The hottest gadgets, including the popular Apple iPod, pose a big risk to
enterprise networks, according to security experts.
”As innocent as MP3 players and digital cameras look, when you look
under the hood, they could be risky,” says Jeff Falcon, a security
engineer at CDW, Inc., a technology consultancy and retailer in Vernon
Gadgets like these pose two major challenges for IT managers: security
and resource utilization. The plug-and-play nature of the devices — many
of which feature hard drives that connect to USB ports — puts corporate
data at risk, while the applications, bandwidth and storage necessary to
run the devices drain network resources.
”The applications and files associated with the applications can be
huge,” Falcon says.
While IT managers may be tempted to lock down all USB ports to shore up
their networks, Falcon says this drastic approach can have drawbacks,
such as blocking legitimate business users.
”Disabling USB ports is not the end-all, be-all as users can just hook
in via other ports,” he adds.
Instead, IT managers should employ a combination of technology and
enforceable acceptable-use policies. ”You should use network assessment
tools, as well as user education,” he says.
It’s a strategy that Joanne Kossuth, the chief information officer at
Franklin W. Olin College of Engineering in Needham, Mass., strictly
Kossuth says banning gadgets poses a challenge in her college environment
as some of the latest devices are used as educational tools. ”It is very
difficult to block users from using gadgets at work. Increasingly, there
is a fine line between a gadget and a work tool,” she says.
For instance, iPods are used to listen to required podcasts and digital
cameras enable instructors to capture and share collaborative work on
blackboards. ”In my view, it is unrealistic to think can you can block
all of these types of devices,” she says.
Kossuth makes all network users sign a policy that outlines what devices
are acceptable. She also ”actively performs intrusion detection and
logging on the network, as well as traffic shaping” to make sure
unwanted devices are not connecting to the enterprise.
While she says this keeps her network safe, she admits that the
proliferation of devices will require heightened security.
”There is a value to hackers to find ways to procure data from these
devices so we will see more attacks designed for them,” says Kossuth.
”Given the small size of the devices and the probability that they will
be stolen, we need to pay more attention to data encryption, strong
authentication and the ability to remotely wipe data from lost devices.”
For Rusty Bruns, chief information officer at Charleston Southern
University in South Carolina, the device threat is compounded by users
who want to create their own personal networks that connect to the
enterprise. ”My biggest concern is personal hubs/switches that are added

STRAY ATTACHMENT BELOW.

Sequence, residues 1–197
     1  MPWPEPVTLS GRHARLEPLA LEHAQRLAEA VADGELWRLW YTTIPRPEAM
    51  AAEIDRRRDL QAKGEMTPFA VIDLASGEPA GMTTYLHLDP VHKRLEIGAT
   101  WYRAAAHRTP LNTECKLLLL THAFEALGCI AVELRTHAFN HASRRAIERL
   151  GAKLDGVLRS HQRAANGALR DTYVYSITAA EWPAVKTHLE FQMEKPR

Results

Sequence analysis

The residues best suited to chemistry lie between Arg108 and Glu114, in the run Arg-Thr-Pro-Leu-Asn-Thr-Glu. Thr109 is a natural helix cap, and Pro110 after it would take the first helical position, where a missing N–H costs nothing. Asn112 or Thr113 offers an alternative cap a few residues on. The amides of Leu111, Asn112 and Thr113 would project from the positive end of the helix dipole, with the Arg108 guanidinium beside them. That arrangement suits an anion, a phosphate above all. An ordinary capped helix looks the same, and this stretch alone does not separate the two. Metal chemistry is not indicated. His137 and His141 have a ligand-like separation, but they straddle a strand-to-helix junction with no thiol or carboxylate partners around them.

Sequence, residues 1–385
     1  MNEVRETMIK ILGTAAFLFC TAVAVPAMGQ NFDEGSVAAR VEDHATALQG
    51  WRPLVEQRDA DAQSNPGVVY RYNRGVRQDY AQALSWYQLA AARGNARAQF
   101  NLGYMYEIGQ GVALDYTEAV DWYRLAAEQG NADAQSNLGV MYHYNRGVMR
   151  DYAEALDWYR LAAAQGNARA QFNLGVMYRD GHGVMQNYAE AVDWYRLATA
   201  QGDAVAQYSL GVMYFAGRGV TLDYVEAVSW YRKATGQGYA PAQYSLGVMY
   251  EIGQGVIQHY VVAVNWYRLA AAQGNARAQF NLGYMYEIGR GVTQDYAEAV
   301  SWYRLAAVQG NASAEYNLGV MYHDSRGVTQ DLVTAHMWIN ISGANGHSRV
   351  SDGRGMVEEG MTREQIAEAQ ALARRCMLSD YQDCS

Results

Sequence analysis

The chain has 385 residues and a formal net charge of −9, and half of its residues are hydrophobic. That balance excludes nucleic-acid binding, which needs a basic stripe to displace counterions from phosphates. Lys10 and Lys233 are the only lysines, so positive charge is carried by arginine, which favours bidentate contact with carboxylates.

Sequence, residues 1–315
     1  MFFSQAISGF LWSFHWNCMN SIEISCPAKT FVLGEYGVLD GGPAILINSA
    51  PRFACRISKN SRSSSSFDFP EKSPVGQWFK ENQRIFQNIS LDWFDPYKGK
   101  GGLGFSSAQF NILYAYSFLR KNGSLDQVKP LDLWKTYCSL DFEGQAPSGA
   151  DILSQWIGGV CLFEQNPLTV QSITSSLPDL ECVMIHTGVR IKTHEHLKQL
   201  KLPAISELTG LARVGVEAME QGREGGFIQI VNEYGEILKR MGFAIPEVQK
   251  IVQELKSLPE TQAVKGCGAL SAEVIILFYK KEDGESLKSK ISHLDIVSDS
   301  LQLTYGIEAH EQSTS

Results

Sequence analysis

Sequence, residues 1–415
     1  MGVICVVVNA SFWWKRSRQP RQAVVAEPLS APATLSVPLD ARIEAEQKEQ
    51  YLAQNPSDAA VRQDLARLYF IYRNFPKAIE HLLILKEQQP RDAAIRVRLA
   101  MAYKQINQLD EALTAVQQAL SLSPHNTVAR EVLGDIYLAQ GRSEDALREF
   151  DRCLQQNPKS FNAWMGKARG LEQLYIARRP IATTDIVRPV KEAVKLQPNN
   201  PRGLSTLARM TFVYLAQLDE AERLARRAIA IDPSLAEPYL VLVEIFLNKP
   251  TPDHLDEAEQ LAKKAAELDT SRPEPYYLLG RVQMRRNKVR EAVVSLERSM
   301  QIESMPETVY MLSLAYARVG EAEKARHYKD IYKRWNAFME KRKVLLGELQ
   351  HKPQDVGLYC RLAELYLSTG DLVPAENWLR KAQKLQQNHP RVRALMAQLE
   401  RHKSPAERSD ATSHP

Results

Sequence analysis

when a user decides to start their own personal network with these
gadgets. This slows [our] network down,” he says.
He adds that the onus is on IT to make sure users understand the
seriousness of this threat. ”We have a written policy and all users are
required to read and sign the policy. [It states that] adding personal
equipment to the network is forbidden,” he says.
But policies have to have teeth, he warns.
”Enforceable policies with consequences work very well as long as the
technology manager has the authority to revoke network privileges based
on [misuse]. I have the backing of my president and provost to run a
safe/secure network,” Bruns says.
To make sure that no unwanted devices are on the network, experts say
it’s important to constantly monitor ports.
”You need to be able to identify where devices have already been hooked
on and where applications have been installed,” says Howie Hecht, senior
product manager at virtualization software maker Altiris, Inc. in
Hecht says it’s also important to audit the network based on policies
organizations have in place. If a violation is found, he says you can
either ask the user to remove the device and application or use tools,
like Altiris’ suite, to remotely uninstall and block future use of the
application. Tools can be used to limit use by file type, such as mp3 or
jpeg, and size.
Hecht adds that while he tends to take the hard line on security, IT
managers must match policies and enforcement to their individual
A key to this is being willing to update policies if a trend is noticed
in reporting. For instance, if Palm technology is acceptable, but audit
software turns up increasing iPaq use, then IT groups might consider
adding iPaqs to their list of acceptable devices.
”There is a people aspect to this,” says Hecht. ”Your employees are
spending 13 hours in front of the computer, so it might be good to be